As Canada strives to build an economy defined by innovation, our greatest resource to meet this challenge is walking through the classroom doors of our nation every morning wearing oversized Pokémon and Hello Kitty backpacks. It's never been more critical that we give our children the tools they need to become Canada's innovators of tomorrow.
There's a disconnect between Canada's capacity to innovate and our capacity to commercialize those innovations -- or so the story goes. It's been repeated so often it's become a mantra in certain circlles. The solution is always the same: reject investments in purely academic research in favour of market-driven research. The thing is, that mantra is built on a myth.
Our basic knowledge of diseases and cancer will continue to grow through research advances with CRISPR-Cas9, paving the way for the discovery of more effective treatments. And CRISPR will enable developments in industrial, agricultural and ecological engineering that may parallel advances in human health and medicine.
Most entrepreneurs I meet present themselves as confident, resilient and savvy people who are quick on their feet and always ready to pitch their company to potential clients or investors. Science students could truly benefit from this kind of training to communicate the value and excitement of their science. Storytelling is especially important in science because, as someone once said to me, science is not complete until it is communicated.
Although many conversations have begun about women in STEM (Science, Technology, Engineering and Math) in Canada, development and implementation to work towards evening out gender imbalances in these fields is still a work in progress. There has been a lot of data gathered to support this issue and many factors that prevent women from STEM opportunities.
Under privacy by design, technology companies must account for human values when creating their systems and ensure they have engineered for maximum individual privacy in every step of their process. It's a costly and time-consuming measure, but it's one of the only measures standing in the way of a digital Wild West.
What the conservative government fails to realize is that scientists are public servants. Which means they work for the people of Canada, not the elected party. They are paid via tax dollars, just as politicians are, to perform a service that betters our country. Canada needs science to exist. It's importance cannot be measured by profit margins or popularity. I get it; that makes it difficult to justify spending. Especially since science is not a cheap pursuit, but I guarantee you, it is the most worthwhile pursuit of our time.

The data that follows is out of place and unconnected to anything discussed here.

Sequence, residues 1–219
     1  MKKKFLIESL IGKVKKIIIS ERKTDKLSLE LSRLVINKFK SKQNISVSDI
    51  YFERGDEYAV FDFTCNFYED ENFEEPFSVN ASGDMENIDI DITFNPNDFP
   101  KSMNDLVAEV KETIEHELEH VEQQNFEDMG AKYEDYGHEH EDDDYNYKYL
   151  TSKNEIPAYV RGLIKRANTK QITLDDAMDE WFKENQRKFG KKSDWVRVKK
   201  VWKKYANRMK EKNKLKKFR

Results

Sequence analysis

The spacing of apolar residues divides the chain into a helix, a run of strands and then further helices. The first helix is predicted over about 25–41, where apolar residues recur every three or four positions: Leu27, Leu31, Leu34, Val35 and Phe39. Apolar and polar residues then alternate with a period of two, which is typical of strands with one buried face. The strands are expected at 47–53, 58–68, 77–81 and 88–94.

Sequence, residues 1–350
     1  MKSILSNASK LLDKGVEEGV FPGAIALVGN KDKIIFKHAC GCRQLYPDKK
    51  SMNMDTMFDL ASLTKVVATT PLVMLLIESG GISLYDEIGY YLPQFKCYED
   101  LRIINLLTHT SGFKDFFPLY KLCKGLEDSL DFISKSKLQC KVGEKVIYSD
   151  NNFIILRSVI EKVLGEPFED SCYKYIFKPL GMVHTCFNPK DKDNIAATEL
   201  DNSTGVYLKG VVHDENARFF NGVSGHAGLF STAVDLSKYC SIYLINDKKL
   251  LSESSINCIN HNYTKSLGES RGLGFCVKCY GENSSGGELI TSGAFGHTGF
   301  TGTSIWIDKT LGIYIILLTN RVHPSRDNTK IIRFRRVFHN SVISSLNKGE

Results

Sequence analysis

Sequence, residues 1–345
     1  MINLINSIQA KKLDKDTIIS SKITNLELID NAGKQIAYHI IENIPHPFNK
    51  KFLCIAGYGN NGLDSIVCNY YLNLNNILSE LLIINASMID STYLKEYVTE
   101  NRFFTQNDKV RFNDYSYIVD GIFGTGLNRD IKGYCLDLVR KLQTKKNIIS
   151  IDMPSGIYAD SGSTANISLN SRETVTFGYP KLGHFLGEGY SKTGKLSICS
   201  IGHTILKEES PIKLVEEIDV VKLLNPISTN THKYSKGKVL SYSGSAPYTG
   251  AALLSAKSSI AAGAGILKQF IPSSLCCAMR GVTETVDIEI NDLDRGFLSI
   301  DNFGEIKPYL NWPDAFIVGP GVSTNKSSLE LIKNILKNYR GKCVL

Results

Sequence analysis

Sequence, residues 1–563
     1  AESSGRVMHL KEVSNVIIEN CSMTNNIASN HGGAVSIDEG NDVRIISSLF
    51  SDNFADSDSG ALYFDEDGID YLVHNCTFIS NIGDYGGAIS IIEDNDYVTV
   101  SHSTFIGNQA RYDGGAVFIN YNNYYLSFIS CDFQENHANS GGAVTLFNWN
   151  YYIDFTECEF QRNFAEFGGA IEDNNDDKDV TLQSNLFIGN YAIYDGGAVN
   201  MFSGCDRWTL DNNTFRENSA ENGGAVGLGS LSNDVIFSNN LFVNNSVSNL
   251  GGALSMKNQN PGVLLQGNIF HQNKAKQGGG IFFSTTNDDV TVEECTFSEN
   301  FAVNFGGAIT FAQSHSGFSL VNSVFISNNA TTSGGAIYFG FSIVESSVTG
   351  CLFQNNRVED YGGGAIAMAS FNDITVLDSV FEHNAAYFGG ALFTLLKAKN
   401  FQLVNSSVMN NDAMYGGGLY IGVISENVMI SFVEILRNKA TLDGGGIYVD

Last weekend, The Martian opened in theatres to rave reviews, a 94 per cent rating on Rotten Tomatoes and an industry-leading $55 million box office. It's THE fall blockbuster of 2015 so far. At first glance it seems like just another Ridley Scott action movie, but might it also be the future of Innovation?
I am a reluctant activist. I don't like rocking the boat. But when our federal election was called in August, it occurred to me that the entries in my blog might be worth sharing. So I'm posting 78 of them to a Facebook page, 78 Days, 78 Reasons. It's my hope they'll help reasonable Canadians, particularly young people and small c-conservatives, see that we deserve better.
A strong bio-economy is essential for Canada to compete on the global stage. Each year, the bio-sector welcomes hundreds of new college and university graduates in all areas of the industry who are eager to enter the workforce and help fuel this exciting sector. That said, finding a match between the skill and the opportunity can be a challenge to both the graduate and the employer.
On the whole, my many years of research on substance use has taught me a major overarching lesson: we are much more likely to demonize drugs for their negative effects than consider their neutral or potentially positive impacts. Or -- in scientific terms -- there is a built-in bias in the scientific literature, textbooks, and popular press towards highlighting the negative aspects of drug use.
Everyone has a budding inner scientist with natural curiosity about the world. Science offers a way to find answers to the questions we had as kids and may still have as adults. Helping kids nurture their inner scientist and encouraging them to develop the skills needed to investigate and understand the world around them will help them become scientifically literate adults.